Arguably the best Tapanappa Pinot Noir to date. The bouquet is complex, with a light touch of oak. The fruit takes in both berries and plums, and the silky palate is as well balanced and focused as it is long.
Drink By: 2019
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Foggy Hill Vineyard Latest Reviews
A trio of reviews from Jancis Robinson
Tapanappa, Whalebone Vineyard 2009 Wrattonbully, 16.5+
“Mid blackish ruby. Firm and meaty on the nose. Actually it does not taste dominated by Cabernet. Subtle and appetising. Still with tannins in evidence but very fine textured and warming but certainly not hot on the finish. Cries out for food. Clearly made with minimal additions. Long and vibrant. Still quite young and earthy.”
Tapanappa, Whalebone Vineyard Merlot/Cabernet Franc 2009 Wrattonbully, 17
“Bright ruby red. Subtle, savoury, earthy notes. Really very restrained for an Australian red! Perhaps the slightest of minty hints? Very cool, sophisticated, dry finish. Super-appetising and quite youthful. Some palates may even criticise it for being too light. Lots more still to come. Hint of tarmacadam on the finish.”
I have been quite a fan of Brian Croser’s Tapanappa wines, since being introduced to them when I visited him back in 2005. Making fine wine is a long-term project, especially when you are planting new vineyards. It takes the best part of a generation for most to really believe in a new project, in part because most reviewers and authorities are reluctant to take a strong position on a new wine, and tend to give the established classics the benefit of the doubt, even when they don’t deserve this.
This pinot noir has a lot of gravitas with a deep colour and spicy bouquet. It’s slightly oak dominant at first with black cherry emerging in time. It’s dense and persistent with satisfying flavour, backed by a spine of tannins.
95 points / 5 stars
A single vineyard pinot that is now showing glorious vintage sympathies, here everything ripe, spicy and dark fruited from a warm year, its balance and poise mesmerising.
In 2003 Brian Croser planted three Dijon clones of pinot noir at about 350 metres altitude on the southern Fleurieu Peninsula. Elevation and proximity to the cold Southern Ocean give Croser’s Foggy Hill site a unique microclimate, dramatically cooler than the nearby shiraz country of McLaren Vale and Langhorne Creek – sufficiently so to give Croser great confidence in pinot noir. The vineyard’s pinots showed promise from the first vintage in 2007. But in the warm 2012 season, promise turns to excitement, with a slightly deeper, riper style than I’ve tasted in previous years. The underlying varietal flavour leans towards darker fruits like plum and cherry. This is overlaid with a subtly stalky touch, derived from the stems of whole-bunches, and the intriguing earthy–savoury notes of good pinot.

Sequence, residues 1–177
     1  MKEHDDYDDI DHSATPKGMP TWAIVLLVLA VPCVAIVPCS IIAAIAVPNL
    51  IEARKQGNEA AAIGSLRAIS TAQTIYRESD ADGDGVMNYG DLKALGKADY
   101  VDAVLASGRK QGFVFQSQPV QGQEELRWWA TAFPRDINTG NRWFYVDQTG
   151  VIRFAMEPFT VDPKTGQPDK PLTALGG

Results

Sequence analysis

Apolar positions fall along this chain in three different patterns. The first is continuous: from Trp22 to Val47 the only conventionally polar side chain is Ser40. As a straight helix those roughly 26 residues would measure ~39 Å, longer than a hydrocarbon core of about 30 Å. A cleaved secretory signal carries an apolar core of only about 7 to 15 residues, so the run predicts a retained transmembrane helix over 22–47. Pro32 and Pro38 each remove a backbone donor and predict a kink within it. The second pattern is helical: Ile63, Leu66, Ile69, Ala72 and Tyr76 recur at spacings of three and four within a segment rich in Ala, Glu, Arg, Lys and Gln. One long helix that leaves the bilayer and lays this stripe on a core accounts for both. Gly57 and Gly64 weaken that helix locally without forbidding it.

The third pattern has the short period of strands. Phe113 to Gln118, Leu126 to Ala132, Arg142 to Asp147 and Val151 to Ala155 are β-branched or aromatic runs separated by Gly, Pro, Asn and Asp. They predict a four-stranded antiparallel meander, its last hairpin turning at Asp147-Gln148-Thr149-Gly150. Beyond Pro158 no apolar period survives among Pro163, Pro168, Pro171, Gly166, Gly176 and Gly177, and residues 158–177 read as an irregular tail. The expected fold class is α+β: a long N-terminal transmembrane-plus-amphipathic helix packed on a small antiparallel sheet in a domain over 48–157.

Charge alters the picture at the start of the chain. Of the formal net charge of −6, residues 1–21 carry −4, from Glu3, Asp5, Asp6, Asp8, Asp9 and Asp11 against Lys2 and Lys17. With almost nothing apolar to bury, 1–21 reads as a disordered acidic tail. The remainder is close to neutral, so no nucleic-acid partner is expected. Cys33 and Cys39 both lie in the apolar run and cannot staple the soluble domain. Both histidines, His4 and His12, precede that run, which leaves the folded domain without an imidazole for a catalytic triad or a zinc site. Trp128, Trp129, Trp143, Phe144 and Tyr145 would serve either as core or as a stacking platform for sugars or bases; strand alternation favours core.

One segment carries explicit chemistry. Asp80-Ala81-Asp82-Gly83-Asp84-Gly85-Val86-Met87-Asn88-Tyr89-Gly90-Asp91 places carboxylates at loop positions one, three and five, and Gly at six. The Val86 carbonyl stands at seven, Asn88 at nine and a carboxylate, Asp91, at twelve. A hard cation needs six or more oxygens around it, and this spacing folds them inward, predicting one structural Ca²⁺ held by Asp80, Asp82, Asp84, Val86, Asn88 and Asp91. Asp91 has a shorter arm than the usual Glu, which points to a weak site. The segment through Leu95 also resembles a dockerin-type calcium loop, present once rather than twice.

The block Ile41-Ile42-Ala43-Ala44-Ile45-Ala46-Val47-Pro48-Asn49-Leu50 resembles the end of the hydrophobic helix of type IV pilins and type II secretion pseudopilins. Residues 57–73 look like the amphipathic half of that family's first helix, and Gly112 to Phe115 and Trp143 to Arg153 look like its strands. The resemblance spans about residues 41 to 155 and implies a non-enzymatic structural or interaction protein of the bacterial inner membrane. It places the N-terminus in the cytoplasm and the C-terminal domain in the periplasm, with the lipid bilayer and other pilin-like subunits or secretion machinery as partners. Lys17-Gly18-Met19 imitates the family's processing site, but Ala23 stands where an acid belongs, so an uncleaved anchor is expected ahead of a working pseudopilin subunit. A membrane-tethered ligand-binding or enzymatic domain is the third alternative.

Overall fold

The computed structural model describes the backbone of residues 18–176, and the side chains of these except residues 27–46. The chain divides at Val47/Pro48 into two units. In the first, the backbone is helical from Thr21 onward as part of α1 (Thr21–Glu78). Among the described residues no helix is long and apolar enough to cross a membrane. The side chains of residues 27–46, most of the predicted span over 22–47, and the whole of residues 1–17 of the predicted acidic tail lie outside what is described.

From the Fleurieu Peninsula, this is the most savoury and dense of the trio, loaded with aromas of forest floor and smoky fire embers with rhubarb and dark cherry fruit freshened up by a tart, cranberry-like acidity.
John Fordham compiled his top 100 wines to coincide with Highlife magazine's 100th issue, and Tapanappa managed to sneak not one, but two onto the list.
Both in ther under $60 category, the 2010 Foggy Hill Vineyard Pinot Noir and the 2007 Wrattonbully Cabernet Shiraz made the cut.
“Just love winemaker Brian Croser and here is yet another winner from him. Best Aussie pinot I have tasted for a long while, worth the extra dollars.”
“Pretty strict and sappy, with peppery stalky bits, raspberry verging on framboise (liqueur), mint chocolate and cedar. Light to medium bodied, strawberry and raspberry, clarity of acidity is attractive and shape is excellent. Stalky notes on the nose are a bit strong, it seemed, but given time in the glass, more and more pinosity came through and the stalk receded. Minor amount of warmth showing. Needs time in the bottle and perhaps a bigger finish, but the potential is there. I’ve learnt over the years that these Foggy Hill wines can be wily beasts. Let’s see.”